Year of Award
Master of Arts (MA)
Sociology (Criminology Option)
Other Degree Name/Area of Focus
Department or School/College
Department of Sociology
Dusten Hollist, Daisy Rooks, Wade Davies
Xenophobia, Immigrants, Refugees, Perceptions, Montana, American Security Rally
University of Montana
Social and Behavioral Sciences | Sociology
The goal of this research was to investigate immigration perceptions among participants in the American Security Rally of Montana using in-depth interviews and participant observation qualitative techniques. The thesis was guided by the following questions. What are the perceptions of participants among the American Security Rally of Montana with respect to immigration, where do they come from and why are they are created? The main theme highlighted by participants was one of xenophobia. This xenophobic rhetoric was predominantly directed towards potential Syrian refugee migrants to Montana but also encompassed a perspective pertaining to Hispanic/Latino undocumented migrants. Theodore Adorno’s notion of the “authoritarian personality” and his ideas on the “culture industry” are applied along with social identity theory to explain where the anti-immigrant rhetoric highlighted throughout the findings of the current study come from. This study is important because it addresses one of the most controversial contemporary topics in American culture. It represents a social issue that is timely and applicable on the local, national, and international levels. The study is unique because it addresses anti-immigrant beliefs in a rural northwestern state with one of the least diverse, mostly white, populations in the United States (Schmalzbauer 2014). Findings are important because they highlight a xenophobic narrative from the past that has persisted from the time Theodore Adorno started his work in the early 1900’s (Hafez 2015: 24; Ekman 2015; Bulliet 2003).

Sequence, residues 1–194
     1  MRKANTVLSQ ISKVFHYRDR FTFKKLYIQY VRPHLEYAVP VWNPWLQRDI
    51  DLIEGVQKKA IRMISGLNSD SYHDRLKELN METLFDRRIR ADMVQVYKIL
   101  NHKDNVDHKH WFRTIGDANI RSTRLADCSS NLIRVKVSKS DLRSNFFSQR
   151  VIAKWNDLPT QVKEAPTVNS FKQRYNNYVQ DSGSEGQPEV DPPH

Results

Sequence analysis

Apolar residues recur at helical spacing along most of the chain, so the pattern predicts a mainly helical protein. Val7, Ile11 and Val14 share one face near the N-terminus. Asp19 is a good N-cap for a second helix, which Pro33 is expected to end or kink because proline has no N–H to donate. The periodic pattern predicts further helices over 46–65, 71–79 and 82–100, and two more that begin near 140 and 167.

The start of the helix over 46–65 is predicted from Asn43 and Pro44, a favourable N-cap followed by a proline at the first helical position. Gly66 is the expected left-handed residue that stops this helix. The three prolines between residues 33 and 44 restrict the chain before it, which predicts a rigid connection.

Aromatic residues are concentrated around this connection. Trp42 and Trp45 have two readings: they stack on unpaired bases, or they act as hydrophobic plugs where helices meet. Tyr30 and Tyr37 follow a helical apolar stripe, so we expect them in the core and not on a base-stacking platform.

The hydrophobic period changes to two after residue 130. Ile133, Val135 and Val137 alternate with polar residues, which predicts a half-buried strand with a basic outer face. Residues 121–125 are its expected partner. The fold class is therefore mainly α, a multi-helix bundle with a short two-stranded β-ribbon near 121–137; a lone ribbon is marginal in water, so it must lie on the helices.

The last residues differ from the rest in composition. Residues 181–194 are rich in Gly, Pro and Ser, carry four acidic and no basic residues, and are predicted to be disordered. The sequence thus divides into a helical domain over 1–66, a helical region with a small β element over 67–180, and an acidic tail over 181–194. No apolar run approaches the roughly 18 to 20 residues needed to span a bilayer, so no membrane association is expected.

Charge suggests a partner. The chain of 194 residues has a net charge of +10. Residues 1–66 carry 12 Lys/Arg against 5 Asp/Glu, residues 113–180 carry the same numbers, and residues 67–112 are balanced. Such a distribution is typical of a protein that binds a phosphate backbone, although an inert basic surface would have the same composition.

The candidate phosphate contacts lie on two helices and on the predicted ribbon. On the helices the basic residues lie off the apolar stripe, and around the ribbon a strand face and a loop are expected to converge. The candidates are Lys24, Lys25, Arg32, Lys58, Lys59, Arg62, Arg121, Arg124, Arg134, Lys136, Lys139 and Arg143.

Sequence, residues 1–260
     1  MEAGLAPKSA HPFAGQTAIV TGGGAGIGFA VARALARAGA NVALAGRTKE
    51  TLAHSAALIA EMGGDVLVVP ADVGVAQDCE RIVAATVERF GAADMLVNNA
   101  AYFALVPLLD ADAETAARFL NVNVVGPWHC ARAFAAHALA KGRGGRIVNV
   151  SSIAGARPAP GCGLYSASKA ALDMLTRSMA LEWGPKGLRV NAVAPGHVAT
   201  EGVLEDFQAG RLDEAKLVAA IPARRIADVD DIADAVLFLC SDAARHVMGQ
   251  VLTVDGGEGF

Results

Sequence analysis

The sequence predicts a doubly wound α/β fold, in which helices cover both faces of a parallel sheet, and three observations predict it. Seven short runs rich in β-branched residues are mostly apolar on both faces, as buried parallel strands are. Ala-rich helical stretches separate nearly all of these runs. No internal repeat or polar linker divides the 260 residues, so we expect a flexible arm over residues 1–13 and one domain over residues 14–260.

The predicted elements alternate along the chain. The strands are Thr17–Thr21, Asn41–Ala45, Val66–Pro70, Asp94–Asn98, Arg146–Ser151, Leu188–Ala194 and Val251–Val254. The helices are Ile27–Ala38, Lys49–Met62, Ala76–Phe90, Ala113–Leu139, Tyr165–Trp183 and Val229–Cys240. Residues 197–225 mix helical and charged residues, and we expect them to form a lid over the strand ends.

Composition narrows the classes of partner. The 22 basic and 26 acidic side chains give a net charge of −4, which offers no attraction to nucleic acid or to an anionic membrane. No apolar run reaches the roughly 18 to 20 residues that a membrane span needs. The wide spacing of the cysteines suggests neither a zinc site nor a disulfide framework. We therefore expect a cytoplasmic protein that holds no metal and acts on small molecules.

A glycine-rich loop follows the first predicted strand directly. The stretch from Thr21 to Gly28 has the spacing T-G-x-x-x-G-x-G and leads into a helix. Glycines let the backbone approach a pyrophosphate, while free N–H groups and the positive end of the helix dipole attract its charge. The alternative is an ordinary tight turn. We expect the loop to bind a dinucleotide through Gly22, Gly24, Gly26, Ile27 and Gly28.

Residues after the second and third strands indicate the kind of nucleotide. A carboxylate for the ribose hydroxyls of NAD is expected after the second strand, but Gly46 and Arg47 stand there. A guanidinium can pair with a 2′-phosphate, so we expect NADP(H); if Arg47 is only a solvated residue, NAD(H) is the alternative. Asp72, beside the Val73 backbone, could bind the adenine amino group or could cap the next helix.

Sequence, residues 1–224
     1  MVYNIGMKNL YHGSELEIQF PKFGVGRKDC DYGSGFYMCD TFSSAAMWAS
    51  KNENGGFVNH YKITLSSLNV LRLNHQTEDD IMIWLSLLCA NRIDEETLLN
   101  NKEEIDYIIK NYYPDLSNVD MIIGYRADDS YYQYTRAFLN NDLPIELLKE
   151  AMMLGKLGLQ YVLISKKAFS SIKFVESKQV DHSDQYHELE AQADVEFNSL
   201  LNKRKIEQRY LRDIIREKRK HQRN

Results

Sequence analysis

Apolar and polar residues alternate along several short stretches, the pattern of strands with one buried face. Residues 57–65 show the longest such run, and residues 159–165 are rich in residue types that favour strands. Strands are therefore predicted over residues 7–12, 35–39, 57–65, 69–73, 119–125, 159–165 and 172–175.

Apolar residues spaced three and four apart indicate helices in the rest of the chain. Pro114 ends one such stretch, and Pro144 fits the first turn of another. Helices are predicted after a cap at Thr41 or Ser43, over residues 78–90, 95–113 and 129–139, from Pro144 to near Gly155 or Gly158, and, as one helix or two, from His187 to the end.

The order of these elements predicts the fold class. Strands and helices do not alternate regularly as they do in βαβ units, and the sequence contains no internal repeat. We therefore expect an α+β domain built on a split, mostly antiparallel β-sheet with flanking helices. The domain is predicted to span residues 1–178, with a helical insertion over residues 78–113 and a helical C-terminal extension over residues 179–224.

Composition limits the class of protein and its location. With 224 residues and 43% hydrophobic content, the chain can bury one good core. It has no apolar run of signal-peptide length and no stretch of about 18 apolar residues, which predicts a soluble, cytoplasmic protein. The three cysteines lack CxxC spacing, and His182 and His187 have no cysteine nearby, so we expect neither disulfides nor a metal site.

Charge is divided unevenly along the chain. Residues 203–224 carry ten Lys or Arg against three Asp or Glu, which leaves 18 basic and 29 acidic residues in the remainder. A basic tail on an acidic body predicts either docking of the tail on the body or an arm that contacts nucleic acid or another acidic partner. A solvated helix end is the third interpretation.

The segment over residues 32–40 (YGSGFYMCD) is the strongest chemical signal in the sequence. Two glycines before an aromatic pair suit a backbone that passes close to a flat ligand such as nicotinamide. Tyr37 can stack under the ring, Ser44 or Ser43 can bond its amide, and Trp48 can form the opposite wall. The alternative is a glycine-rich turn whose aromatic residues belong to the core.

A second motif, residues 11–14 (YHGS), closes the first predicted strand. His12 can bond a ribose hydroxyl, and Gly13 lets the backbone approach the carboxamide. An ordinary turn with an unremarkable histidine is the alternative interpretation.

Boyce, Christian. 2017. "Early 20th Century Xenophobic Perceptions Among American Security Rally of Montana Participants in 2016." MA thesis, Department of Sociology, University of Montana.
© Copyright 2017 Christian S. Boyce